AAR Japan has so far established 18 groups, consisting of 220 PWDs and their family members. Six groups have started new businesses including hair styling, tailoring, and typing/printing shops, among others.

At the beginning of the group meetings, AAR Japan staffs conduct ice breakers to facilitate the members to easily state their opinions. (February 25th,2013, Dala Township)

AAR Japan staff members participate in meetings held once a month and give advice on administrative skills such as taking minutes and bookkeeping. Pictured second from the left is Akemi KITA, international staff member (July 17th, 2014,  Shwe Pyi Thar Township)

The Roles PWDs Play in the Community

Members of “Latt Twae Phaw”engaging in clean-up activities at school. The activity provides work opportunities for PWDs. (September 30th, 2013)
Activities of the PWD groups have been changing the local peoples’ and the teachers’ understanding of the meaning of “disability”. “Latt Twae Phaw” (translated as“helping each other as partners”) is one of the groups established by AAR Japan in 2012 in Dala Township. It is comprised of 12 members, mainly including mothers of children with severe cases of cerebral palsy, along with PWDs, their family members, and persons with visual impairments.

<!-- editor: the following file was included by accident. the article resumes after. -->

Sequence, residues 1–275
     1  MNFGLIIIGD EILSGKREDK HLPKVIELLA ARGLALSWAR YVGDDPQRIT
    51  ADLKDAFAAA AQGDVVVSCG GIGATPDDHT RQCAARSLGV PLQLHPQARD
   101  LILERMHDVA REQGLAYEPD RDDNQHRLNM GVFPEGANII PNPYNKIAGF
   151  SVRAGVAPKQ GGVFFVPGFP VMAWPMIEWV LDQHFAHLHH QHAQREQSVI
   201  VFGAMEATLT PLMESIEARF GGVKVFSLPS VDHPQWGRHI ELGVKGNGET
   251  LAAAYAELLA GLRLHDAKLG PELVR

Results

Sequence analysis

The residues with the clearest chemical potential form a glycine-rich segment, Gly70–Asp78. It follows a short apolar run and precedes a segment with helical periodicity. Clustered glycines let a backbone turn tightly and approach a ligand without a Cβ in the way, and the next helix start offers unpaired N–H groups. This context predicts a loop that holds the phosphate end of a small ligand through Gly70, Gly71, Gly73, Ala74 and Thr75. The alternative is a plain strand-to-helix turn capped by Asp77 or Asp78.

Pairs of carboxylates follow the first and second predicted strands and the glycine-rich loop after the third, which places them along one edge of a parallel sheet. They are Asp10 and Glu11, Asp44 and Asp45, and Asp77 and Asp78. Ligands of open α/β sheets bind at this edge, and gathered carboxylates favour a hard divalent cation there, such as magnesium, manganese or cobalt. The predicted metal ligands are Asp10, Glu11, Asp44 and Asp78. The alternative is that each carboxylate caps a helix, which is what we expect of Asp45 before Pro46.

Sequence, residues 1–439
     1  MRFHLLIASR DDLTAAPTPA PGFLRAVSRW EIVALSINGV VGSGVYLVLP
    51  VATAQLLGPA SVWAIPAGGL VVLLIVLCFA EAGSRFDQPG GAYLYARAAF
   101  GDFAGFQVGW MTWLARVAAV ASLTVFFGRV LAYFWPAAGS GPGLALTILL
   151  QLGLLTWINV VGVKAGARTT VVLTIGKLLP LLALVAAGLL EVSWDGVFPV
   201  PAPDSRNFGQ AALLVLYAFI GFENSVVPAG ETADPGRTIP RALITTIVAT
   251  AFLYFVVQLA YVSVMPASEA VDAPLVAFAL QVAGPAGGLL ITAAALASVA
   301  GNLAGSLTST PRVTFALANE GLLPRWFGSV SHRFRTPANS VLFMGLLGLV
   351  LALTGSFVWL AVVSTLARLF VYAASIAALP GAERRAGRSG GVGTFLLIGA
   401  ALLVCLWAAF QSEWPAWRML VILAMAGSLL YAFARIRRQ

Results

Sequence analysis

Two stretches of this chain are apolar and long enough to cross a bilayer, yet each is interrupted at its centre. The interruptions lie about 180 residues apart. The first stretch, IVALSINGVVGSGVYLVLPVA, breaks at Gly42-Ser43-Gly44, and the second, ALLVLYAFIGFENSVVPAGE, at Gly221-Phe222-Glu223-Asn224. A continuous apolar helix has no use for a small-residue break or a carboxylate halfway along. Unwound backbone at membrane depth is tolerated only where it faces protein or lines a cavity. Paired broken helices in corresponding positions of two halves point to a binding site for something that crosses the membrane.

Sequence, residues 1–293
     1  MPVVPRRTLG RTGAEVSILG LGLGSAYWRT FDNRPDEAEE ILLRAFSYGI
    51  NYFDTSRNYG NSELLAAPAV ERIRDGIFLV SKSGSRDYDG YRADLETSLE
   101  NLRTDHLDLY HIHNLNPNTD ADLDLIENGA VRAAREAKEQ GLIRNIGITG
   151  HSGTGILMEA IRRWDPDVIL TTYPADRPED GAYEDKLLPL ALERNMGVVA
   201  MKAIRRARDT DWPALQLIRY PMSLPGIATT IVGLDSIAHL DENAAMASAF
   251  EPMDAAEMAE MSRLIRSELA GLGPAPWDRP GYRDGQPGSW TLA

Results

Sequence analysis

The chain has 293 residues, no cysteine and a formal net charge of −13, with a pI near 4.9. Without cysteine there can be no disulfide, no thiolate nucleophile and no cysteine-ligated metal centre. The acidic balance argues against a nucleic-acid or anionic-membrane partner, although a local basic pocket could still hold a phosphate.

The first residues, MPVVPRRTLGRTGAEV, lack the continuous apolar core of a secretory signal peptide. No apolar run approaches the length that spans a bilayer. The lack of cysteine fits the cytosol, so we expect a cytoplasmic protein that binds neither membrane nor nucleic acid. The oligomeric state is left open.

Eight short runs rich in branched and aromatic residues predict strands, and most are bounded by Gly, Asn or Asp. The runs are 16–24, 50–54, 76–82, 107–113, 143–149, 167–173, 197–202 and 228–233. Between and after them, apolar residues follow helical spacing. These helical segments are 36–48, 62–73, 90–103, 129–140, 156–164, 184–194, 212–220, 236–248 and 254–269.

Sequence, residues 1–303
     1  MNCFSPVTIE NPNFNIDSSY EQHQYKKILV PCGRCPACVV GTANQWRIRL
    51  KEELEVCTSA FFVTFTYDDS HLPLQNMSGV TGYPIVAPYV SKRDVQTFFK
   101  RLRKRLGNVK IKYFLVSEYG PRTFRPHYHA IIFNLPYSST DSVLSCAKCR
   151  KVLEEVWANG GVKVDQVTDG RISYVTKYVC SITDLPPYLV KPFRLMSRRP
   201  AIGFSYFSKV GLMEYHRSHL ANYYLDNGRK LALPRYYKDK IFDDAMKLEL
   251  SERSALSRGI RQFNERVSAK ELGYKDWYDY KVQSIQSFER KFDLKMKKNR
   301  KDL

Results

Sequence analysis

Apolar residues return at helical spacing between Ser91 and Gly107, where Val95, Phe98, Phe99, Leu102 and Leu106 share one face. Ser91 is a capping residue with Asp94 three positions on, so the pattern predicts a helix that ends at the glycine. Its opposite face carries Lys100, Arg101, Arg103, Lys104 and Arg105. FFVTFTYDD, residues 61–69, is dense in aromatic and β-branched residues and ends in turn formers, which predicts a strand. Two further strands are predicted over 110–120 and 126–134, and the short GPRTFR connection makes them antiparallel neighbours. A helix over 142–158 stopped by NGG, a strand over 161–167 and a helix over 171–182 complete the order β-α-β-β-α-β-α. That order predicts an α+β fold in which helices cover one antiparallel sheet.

Following the establishment of Latt Twae Phaw, the group conducted clean-up activities in the neighborhood and schools in order to create opportunities for the group members and local residents to interact, and to raise awareness about PWDs. Working once every three months, the group’s activities encouraged schools that had previously never accepted children with disabilities, a total of six times. By regularly mowing grass and cleaning schools, the amount of conversation and interaction between the group members and the teachers has increased. In these conversations,the members also shared their thoughts to their counterparts including the following comments:“I thought that nothing could be done with children with disabilities not being able to go to school. However, having learned about “disability”, I found out that if each individual’s disability is properly considered, the child is able to get an education at school.”“I want there to be an environment in which PWDs are able to receive education as well.”

As a result, schools that previously were unaware of the need to educate children with disabilities actively had teachers participate in training sessions, in which they learned about disabilities as well as teaching methods for children with disabilities. These efforts resulted in schools arranging learning environments that enabled children with disabilities to study. Since June 2013, one child with disability has enrolled in public education.